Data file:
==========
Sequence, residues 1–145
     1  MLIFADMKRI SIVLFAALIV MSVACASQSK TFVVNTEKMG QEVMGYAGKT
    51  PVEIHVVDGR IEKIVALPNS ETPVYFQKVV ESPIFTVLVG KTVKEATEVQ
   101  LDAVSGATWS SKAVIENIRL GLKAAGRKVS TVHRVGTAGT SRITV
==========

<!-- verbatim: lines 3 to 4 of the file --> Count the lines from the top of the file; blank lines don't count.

    51  PVEIHVVDGR IEKIVALPNS ETPVYFQKVV ESPIFTVLVG KTVKEATEVQ
   101  LDAVSGATWS SKAVIENIRL GLKAAGRKVS TVHRVGTAGT SRITV